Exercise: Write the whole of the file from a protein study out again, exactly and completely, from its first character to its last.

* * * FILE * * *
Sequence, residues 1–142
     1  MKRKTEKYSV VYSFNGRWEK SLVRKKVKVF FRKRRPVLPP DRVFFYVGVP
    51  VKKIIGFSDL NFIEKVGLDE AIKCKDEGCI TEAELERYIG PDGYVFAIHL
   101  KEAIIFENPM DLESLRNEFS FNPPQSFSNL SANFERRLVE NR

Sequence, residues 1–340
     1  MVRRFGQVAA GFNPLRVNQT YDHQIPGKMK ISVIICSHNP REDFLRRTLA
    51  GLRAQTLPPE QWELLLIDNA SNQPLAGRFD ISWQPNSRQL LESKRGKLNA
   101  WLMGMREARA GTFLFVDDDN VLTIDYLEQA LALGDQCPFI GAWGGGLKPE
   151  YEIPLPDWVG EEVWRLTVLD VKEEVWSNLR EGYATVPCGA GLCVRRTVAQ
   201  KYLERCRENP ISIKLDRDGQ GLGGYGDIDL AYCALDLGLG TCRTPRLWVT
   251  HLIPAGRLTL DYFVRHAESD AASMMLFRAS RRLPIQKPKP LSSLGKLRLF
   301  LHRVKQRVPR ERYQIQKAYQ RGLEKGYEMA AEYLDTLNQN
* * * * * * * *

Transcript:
Sequence, residues 1–142
     1  MKRKTEKYSV VYSFNGRWEK SLVRKKVKVF FRKRRPVLPP DRVFFYVGVP
    51  VKKIIGFSDL NFIEKVGLDE AIKCKDEGCI TEAELERYIG PDGYVFAIHL
   101  KEAIIFENPM DLESLRNEFS FNPPQSFSNL SANFERRLVE NR

Sequence, residues 1–340
     1  MVRRFGQVAA GFNPLRVNQT YDHQIPGKMK ISVIICSHNP REDFLRRTLA
    51  GLRAQTLPPE QWELLLIDNA SNQPLAGRFD ISWQPNSRQL LESKRGKLNA
   101  WLMGMREARA GTFLFVDDDN VLTIDYLEQA LALGDQCPFI GAWGGGLKPE
   151  YEIPLPDWVG EEVWRLTVLD VKEEVWSNLR EGYATVPCGA GLCVRRTVAQ
   201  KYLERCRENP ISIKLDRDGQ GLGGYGDIDL AYCALDLGLG TCRTPRLWVT
   251  HLIPAGRLTL DYFVRHAESD AASMMLFRAS RRLPIQKPKP LSSLGKLRLF
   301  LHRVKQRVPR ERYQIQKAYQ RGLEKGYEMA AEYLDTLNQN